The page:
Leader Casualty Check

When do I need to make a Leader Casualty Check?

There are a number of situations when a leader casualty check must be taken. Attached Leaders: When a leader is attached to a unit and the unit loses one or more blocks for any reason but is not eliminated, there is a chance the leader may also be hit and a leader casualty check must be taken. Roll 2 battle dice. To hit the leader, you need to roll two leader symbols. A leader casualty check must be made when:
- Unit loses a block from ranged combat.
- Unit loses a block from close combat.
- Unit loses a block when the unit is evading.
- Unit loses a block when it cannot complete a retreat move.
- Unit loses a block from an elephant rampage.
- Unit loses a block from an elephant needing to retreat and both retreat path hexes occupied.
- Unit loses a block from rolling fire.
- Unit loses a block when sunk in marsh.

Note, however, only one leader casualty check is made during a combat sequence (a roll of the dice). For example, when a unit with an attached leader loses blocks in a close combat, a leader casualty check is made after the blocks are removed. If the unit also must retreat because of flags on the same combat dice roll and unit loses more blocks because its retreat route is occupied, another leader casualty check is not required. The flag loses were from the same combat roll, and only one leadership casualty check is made on a leader during a combat sequence.

 

Leader's Unit Eliminated

When the leader casualty check is required because all blocks of the unit the leader is attached to are eliminated and the leader is now alone in the hex, roll only 1 die. To hit the leader, you need to roll one leader symbol. If the leader is not hit on this single die roll, the leader must evade back toward his own side of the battlefield, one, two or three hexes. Flags rolled against a unit that was eliminated, have no effect on the leader. If in Close Combat the attacking unit eliminates a unit with an attached leader, it may Momentum Advance onto the vacated hex after the leader evades out of the hex. When the leader casualty check is required because all blocks of the unit the leader is attached to are eliminated and the leader is now alone in the hex, roll only 1 die. To hit the leader, you need to roll one leader symbol. If the leader is not hit on this single die roll, the leader must evade back toward his own side of the battlefield, one, two or three hexes. Flags rolled against a unit that was eliminated, have no effect on the leader. If in Close Combat the attacking unit eliminates a unit with an attached leader, it may Momentum Advance onto the vacated hex after the leader evades out of the hex.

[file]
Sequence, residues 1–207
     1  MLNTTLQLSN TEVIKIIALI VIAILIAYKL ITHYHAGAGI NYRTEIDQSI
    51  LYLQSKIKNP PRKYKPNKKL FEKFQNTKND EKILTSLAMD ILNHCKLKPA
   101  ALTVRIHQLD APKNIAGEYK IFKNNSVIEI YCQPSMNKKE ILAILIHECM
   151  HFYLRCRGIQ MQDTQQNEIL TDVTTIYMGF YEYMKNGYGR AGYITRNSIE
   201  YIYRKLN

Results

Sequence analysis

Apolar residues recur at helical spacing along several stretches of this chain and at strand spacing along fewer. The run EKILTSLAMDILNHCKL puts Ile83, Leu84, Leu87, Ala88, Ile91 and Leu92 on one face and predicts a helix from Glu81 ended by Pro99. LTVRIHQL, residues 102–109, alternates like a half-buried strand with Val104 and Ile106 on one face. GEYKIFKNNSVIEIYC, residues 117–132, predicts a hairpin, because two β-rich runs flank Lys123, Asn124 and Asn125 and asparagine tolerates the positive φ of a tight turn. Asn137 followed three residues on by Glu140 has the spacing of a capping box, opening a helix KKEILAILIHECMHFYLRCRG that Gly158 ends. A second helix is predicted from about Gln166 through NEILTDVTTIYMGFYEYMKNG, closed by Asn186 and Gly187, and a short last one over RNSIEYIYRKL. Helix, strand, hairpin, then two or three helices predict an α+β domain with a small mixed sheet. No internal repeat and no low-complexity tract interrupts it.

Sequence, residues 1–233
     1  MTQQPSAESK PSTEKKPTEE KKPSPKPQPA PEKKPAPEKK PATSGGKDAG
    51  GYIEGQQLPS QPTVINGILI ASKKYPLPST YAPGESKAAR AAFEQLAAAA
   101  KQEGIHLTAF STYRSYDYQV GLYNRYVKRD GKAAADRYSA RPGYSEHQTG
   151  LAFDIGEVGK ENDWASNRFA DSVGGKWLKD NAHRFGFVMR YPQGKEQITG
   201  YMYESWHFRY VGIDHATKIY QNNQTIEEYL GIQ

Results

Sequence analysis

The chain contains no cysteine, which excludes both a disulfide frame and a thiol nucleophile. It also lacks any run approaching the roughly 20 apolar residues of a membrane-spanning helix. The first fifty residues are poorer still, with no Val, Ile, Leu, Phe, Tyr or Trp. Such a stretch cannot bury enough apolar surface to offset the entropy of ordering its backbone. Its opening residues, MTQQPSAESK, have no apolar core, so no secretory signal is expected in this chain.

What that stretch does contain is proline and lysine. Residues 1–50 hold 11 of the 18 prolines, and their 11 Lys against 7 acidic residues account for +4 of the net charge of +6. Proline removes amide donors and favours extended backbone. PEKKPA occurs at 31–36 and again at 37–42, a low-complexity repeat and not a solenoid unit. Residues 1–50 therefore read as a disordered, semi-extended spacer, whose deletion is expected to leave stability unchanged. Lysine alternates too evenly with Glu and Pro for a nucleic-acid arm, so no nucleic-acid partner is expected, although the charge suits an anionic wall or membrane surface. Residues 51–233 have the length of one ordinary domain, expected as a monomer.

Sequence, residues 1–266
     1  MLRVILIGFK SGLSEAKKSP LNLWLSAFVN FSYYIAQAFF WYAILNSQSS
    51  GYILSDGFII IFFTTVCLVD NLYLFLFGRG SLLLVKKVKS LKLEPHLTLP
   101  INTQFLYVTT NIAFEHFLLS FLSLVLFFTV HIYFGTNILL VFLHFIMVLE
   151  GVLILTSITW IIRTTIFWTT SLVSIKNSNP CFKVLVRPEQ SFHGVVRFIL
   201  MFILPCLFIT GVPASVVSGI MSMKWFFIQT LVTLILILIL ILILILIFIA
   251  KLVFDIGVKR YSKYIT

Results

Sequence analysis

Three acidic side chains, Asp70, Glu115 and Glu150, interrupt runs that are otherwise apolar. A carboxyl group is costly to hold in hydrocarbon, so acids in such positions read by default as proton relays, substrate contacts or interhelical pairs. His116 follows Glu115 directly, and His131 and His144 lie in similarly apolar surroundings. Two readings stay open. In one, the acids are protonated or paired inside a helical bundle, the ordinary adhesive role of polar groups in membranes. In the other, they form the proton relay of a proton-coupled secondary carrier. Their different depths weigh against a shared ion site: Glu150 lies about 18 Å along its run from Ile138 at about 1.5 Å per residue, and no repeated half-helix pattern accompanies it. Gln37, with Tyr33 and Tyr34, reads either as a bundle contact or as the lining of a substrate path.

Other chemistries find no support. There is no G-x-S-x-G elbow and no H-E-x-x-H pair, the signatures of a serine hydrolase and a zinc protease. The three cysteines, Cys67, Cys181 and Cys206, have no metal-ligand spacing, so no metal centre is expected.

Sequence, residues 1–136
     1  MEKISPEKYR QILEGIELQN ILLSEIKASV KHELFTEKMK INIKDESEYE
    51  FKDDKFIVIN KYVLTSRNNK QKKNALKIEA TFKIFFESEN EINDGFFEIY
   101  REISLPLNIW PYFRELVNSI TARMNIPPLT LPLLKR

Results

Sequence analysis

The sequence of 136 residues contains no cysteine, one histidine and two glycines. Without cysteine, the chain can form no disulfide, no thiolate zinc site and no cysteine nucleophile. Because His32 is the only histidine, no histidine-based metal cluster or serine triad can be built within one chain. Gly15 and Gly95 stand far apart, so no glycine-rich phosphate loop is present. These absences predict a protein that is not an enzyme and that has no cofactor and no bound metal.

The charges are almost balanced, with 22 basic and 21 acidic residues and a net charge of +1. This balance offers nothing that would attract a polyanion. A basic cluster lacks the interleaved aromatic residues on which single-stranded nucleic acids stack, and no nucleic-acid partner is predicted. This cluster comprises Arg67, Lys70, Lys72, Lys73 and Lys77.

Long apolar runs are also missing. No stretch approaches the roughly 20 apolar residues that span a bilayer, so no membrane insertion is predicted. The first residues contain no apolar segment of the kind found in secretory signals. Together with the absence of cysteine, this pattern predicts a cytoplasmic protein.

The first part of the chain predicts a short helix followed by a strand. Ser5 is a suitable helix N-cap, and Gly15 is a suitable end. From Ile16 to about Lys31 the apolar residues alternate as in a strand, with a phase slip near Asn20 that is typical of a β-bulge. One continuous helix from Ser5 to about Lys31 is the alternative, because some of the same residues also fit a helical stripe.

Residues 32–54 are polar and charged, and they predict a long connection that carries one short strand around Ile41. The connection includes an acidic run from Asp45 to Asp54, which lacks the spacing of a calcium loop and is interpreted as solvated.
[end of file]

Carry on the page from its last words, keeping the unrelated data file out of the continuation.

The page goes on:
Leader Alone in a Hex

When a leader is not attached to a unit, leader is alone in a hex, and is attacked by Range Combat or Close Combat, the attacking unit determines the proper number of battle dice to roll. To score a hit on the leader, you need to roll one leader symbol. If the leader is not hit, he must evade back towards his own side of the battlefield. Flags rolled against a leader when alone in a hex, have no effect. If in Close Combat the attacking unit does not eliminate the leader, it may NOT Momentum Advance onto the vacated hex after the leader evades out of the hex.

Can a retreating Leader escape through a hex with a lone enemy Leader?

Yes

If a leader can escape through a hex with a lone enemy Leader, how many dice would the lone enemy leader roll?

The leader when alone does not battle, so no dice are rolled.

 

Caesar

If Caesar attaches to a foot unit that moved 2 hexes without him, may they Close Combat an adjacent enemy?

No.
Only when Caesar (signified by being attached) is leading a unit into battle, the unit may move 2 hexes and close combat.
Of course if a foot unit is being ordered by a Double Time, it could move 2 hexes and still close combat, so the unit would not need Caesar to be attached to move 2 hexes and still close combat.